For simplicity, we assume all teams deliver five stories per week. The reality is that the number delivered will vary greatly per team but that is OK because each team will adjust its SWAG estimate according to the size of story they work with. An epic with a SWAG of 10 stories will take two weeks.

To calculate the expected due date for the MBI for each team, we simply order the epics according to the order of the backlog. We can see that Avengers complete MBI-103, MBI-127 and MBI-006 at the end of weeks two, five and six respectively, and so on.

Agile Gantt Team Backlogs

Agile Gantt Charts

 

We now filter so that we can look at each MBI on its own. We now have an Agile Gantt Chart for each MBI.

MBI-103

Agile Gantt MBI103

MBI-127

Agile Gantt MBI127

MBI-006

Agile Gantt MBI006

This is a presentation of Agile data that a traditional project manager can relate to and feel comfortable with.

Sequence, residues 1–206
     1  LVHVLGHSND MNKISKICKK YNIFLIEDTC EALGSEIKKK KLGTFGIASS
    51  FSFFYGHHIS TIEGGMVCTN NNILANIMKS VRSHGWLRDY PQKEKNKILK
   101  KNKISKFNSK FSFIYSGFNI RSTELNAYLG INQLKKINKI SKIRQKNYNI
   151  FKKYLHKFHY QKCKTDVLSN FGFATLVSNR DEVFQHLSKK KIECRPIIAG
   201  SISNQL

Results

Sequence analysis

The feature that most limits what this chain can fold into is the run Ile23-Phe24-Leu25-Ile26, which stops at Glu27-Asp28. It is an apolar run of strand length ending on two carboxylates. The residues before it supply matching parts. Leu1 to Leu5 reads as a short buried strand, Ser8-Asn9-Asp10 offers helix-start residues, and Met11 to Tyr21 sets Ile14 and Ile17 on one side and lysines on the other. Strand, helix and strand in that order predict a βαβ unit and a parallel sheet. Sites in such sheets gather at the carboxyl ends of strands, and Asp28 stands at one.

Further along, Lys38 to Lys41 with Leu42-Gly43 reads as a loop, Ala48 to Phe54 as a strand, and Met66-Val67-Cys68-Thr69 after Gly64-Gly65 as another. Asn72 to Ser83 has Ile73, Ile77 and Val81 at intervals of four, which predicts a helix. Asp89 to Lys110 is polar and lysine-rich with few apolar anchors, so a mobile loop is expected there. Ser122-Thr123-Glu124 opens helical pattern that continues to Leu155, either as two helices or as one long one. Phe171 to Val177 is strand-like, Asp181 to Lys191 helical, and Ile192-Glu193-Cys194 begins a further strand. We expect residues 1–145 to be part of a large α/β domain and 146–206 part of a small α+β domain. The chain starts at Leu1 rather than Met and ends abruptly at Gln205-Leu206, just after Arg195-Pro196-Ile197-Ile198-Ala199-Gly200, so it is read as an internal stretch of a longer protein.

So looking at the Gantt Charts above, you get a point for every issue you can see with the ‘plans’ above or a point for every improvement you can suggest to the plan. You get a bonus point if you give your suggestion a snappy name, and you can double your bonus if the name contains the word “Mapping”. Please leave your entries as comments below.

* In large organisations it is almost impossible for a single team of seven +/- two people to cover the technology and business domain knowledge required to deliver something of value. Where possible, organisation will often create those teams but more likely it is not possible without getting a developer named Kal, Kara or Kent.

** In Jira, an epic is needed for each team due to the fact that it is not possible to store a SWAG estimate for each team against a single epic. This irksomeness will be discussed in a later post.


Agile Coach – Agile Canary

In Victorian mines, the miners would have a Canary in a cage. If any lethal but odourless gases were present, the Canary would die and fall off its perch. On a transformation, your Agile Coach acts as the Canary.

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When your organisation embarks on an Agile Transformation, you effectively create a new organisation with a new set of values within the existing one. Workers at the coal face have value in both organisations, however an Agile Coach only has value in the new organisation with it’s new set of values and associated skills and experience.